I clicked Copy Information, and then went to the next node pve2 and pasted the information under Datacenter > Cluster > Join Cluster. This auto-filled in the cluster information, join information, and IP address of the first server in the cluster. I adjusted the cluster network to the correct network interface, and added the root password for the peer server.

Once I clicked Join Cluster, the window showed progress in the Task Viewer, but it eventually stopped responding with a “Connection Error” message. When I reloaded it, I was able to see both servers in the Server View, with a green checkbox.

I repeated these steps for pve1, and when I was finished, I had all 3 servers joined to the cluster:

At this point, I could log in to any of the Proxmox server management interfaces, and manage all of the servers in the cluster from any of them.

Troubleshooting – Bad IP

One mistake I made was with the IP address on pve3 in /etc/hosts. I had put in the wrong management IP address, and I got the following error when attempting to join the first server pve2 to the cluster:

TASK ERROR: fingerprint ‘fingerprint’ not verified, abort!

After some Googling, I found the mistake I had made, and fixed it in /etc/hosts. In order to pick up the change in the cluster settings, I edited /etc/pve/corosync.conf and incremented the config_version by 1. Once I did this, I restarted the services:

systemctl restart corosync.service
systemctl restart pve-cluster

After these restarted, I ran pvecm status to check the IP address was correct, and verified this in the GUI as well under Datacenter > Cluster > Join Information. I was then able to add the additional servers to the cluster without issue.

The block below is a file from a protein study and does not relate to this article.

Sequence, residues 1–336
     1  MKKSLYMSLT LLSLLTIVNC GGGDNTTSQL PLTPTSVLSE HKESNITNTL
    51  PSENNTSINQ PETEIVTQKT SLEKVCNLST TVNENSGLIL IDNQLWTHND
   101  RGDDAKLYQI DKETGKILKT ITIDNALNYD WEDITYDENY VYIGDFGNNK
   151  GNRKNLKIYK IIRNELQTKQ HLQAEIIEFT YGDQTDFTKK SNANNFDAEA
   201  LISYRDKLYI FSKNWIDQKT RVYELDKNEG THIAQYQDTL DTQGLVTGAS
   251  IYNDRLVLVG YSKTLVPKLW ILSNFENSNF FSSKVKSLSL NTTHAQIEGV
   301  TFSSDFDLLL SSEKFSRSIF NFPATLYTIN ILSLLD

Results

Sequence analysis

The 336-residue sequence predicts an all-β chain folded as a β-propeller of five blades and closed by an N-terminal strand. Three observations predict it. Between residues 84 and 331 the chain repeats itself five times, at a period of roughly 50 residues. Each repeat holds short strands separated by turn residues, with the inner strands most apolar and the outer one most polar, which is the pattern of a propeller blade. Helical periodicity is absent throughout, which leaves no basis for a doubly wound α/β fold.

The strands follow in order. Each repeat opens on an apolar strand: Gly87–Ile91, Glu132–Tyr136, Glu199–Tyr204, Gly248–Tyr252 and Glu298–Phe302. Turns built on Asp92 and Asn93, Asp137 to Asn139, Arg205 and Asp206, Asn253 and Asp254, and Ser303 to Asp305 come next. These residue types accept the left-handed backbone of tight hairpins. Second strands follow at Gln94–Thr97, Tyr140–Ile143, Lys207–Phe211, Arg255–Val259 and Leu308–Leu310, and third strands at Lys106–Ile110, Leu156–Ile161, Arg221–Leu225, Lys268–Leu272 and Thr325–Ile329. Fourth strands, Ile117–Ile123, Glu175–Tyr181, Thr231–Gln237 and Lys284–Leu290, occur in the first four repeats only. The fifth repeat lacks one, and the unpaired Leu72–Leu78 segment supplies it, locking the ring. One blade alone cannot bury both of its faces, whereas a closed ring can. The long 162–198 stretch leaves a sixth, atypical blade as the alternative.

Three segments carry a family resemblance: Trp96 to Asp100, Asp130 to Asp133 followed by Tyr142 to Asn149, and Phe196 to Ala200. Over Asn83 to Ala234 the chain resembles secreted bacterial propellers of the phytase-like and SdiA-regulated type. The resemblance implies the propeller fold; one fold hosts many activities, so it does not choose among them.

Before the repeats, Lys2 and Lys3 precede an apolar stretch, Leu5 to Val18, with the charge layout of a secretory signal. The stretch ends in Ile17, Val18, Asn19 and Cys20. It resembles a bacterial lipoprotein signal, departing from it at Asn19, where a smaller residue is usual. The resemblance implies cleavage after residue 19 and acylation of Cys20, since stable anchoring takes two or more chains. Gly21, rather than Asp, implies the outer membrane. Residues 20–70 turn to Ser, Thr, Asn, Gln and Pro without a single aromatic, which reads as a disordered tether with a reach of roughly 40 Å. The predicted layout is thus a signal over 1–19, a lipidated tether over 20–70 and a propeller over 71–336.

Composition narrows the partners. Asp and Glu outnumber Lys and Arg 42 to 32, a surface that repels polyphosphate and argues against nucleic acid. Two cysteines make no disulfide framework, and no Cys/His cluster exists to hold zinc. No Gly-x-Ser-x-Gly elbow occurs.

These commands may be helpful to check the status of the cluster in command line:

pvecm nodes
pvecm status

I got output similar to the following to give me details on the cluster:

Troubleshooting – Connecting to VM

Another issue I ran into after setting up the server was when logging into pve1, and creating and trying to console into a VM on pve2. I got the following error:

Error: Failed to run vncproxy

To fix this, I changed the /etc/hosts IP known to each server to the cluster management IP, and cleared the known_hosts for each using the following:

 ssh-keygen -f "/etc/ssh/ssh_known_hosts" -R "pve1"
 ssh-keygen -f "/etc/ssh/ssh_known_hosts" -R "pve2"
 ssh-keygen -f "/etc/ssh/ssh_known_hosts" -R "pve3"

Once I did this, I tested ssh SSH from pve1 into pve2 and pve3 as root without a password, to ensure the certificates worked. After I did this, I was able to console into VMs on different hosts properly.

Guest Migration Traffic

Thanks to /u/Montaro666 in this thread for reminding me that the VM guest migration traffic network should be explicitly set. By default, Proxmox VE uses the network in which cluster communication takes place to send the migration traffic. This is not optimal both because sensitive cluster traffic can be disrupted and this network may not have the best bandwidth available on the node. This article section has documentation on the subject.

To adjust this, I only needed to edit the /etc/pve/datacenter.cfg file, and add the following lines:

#Use public network for migrations
migration: secure,network=192.168.2.0/24

This setting was automatically synchronized to the other hosts in the cluster. I tested moving a guest VM between servers while running a constant ping, and there was not even a blip. You can see in the Proxmox status window during the migration that it is using the 10Gbps network for migration traffic:

Unfortunately, I did get confirmation that the different CPU type or instruction set on my Dell R640 server will cause problems when live migrating guest VMs to/from it. When I tried, it migrated successfully in Proxmox, but the VM froze and required a forced restart. Therefore, any VMs migrating to/from this server, I will have to shut down the VM first to avoid problems.

Conclusion

With some preparation, joining separate Proxmox servers together into a cluster is fairly straightforward. In future articles I will go through setting up shared storage (Ceph), high-availability, and hyper-convergence with Proxmox.

Resources

I would recommend reviewing the official documentation, and watching the following videos before attempting to set up Proxmox clustering: